If you wish to sort out your thinking on the suddenly popular topic of free public transport, may we propose that you spend a lively half hour listening to an excellent Australian radio program on the topic — and listen to what experts like Judith, Oded, Gregory, Tony, Ansgar and Jarrett have to offer on this subject. A refreshing variety of perspectives and comments — a veritable master class on a topic that responsible cities cannot afford to run away from.
It’s not that our cities need to do it in this or that way. Far from it! But it turns out that it is a mobility option to which we really need to give serious thought — because at the end of the day it is really about transport and budgets, but no less about basic rights and equity in a democracy. And also — as you will hear — about efficiency , economy, environment and quality of life for all. Now let’s listen to the experts:
Editor’s note: “Free public transport” is a hot topic and getting hotter every day, though in our view when stated as such it closes the door on a subject that can also be looked at and evaluated in a more creative way. If we draw critical attention to and think of it instead as “Free” “Public” “Transport” a brave new world of issues and opportunities opens up. We shall be looking into this in these pages in the coming months, but for now let us give the word to Constance Carr and Markus Hesse of the University of Luxembourg and hear what they have to say about the latest Luxembourg initiative.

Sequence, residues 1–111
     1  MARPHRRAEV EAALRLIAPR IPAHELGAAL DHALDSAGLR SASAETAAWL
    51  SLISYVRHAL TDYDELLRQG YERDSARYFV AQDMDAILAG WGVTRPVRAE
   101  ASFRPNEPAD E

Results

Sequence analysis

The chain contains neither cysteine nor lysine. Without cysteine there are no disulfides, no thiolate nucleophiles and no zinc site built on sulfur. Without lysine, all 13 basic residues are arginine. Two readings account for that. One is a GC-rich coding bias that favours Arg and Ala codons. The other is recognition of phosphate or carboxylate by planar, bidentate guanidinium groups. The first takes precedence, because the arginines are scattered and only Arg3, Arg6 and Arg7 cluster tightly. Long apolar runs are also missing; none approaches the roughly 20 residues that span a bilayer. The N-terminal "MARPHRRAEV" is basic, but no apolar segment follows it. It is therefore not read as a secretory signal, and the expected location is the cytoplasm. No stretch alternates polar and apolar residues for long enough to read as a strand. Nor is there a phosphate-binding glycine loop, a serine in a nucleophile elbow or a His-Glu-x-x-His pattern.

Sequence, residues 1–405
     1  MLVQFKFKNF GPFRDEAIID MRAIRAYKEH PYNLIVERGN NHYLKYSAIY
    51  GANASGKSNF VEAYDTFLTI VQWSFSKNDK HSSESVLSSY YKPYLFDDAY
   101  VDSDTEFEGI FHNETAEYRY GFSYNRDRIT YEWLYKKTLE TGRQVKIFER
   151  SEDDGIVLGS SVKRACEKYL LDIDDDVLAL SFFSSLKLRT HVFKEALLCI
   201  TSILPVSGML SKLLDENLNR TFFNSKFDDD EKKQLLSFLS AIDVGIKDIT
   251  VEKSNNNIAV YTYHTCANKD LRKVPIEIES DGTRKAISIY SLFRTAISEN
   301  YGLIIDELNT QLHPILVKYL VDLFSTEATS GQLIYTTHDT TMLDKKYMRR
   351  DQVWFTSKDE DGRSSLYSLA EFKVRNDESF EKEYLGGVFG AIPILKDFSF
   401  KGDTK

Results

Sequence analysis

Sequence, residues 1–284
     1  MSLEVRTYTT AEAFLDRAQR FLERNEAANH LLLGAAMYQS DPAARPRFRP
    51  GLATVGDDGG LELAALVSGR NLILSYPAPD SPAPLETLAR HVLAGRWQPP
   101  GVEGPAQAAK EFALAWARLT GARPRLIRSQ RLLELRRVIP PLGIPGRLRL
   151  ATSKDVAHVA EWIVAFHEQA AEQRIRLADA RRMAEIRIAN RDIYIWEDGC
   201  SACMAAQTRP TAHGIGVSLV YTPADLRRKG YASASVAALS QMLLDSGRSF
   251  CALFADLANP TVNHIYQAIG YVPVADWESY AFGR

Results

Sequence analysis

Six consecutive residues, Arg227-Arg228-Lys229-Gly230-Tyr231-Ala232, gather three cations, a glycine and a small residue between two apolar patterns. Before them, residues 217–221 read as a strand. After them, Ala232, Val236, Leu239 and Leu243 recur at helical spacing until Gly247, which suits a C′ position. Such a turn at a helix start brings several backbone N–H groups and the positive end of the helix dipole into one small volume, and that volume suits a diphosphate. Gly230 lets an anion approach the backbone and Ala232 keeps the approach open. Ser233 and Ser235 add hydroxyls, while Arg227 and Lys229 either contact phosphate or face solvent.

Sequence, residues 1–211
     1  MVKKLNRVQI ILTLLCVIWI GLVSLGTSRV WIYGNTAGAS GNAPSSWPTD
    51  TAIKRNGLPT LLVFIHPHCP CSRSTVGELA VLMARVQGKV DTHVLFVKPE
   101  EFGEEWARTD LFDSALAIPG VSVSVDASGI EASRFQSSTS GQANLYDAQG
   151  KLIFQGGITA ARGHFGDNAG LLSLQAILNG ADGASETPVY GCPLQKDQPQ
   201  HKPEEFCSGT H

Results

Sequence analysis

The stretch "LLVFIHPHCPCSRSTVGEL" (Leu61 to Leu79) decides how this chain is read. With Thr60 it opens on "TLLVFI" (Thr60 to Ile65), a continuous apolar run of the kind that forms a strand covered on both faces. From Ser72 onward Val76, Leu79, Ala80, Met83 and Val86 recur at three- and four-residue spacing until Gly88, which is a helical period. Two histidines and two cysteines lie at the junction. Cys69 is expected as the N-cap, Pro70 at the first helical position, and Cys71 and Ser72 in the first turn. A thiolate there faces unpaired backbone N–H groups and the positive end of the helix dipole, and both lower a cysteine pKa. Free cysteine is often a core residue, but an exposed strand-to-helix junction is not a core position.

When the Grand Duchy of Luxembourg announced it would introduce free nationwide public transport from March 2020, the move was widely praised – some even claimed it was a world first, though that was to overlook Estonia) where the government introduced countrywide free public transport in 2018.
To get a better feel for this from the perspective of day to day reality when it comes to trying to get wherever you want to go during morning rush hour in Tallinn, let’s have a look at a report by two Estonian researchers, – by Helen Poltimäe and Mari Jüssi, under the title . . .
Factors Affecting Choice of Travel Mode in Tallinn
The program for the recent Tallinn international conference contains useful information and contacts for researchers, planners, policy makers and others wishing to understand the variety of approaches, projects and perceptions which make up this fast-growing and highly varied field of interest for cities and their citizens around the world.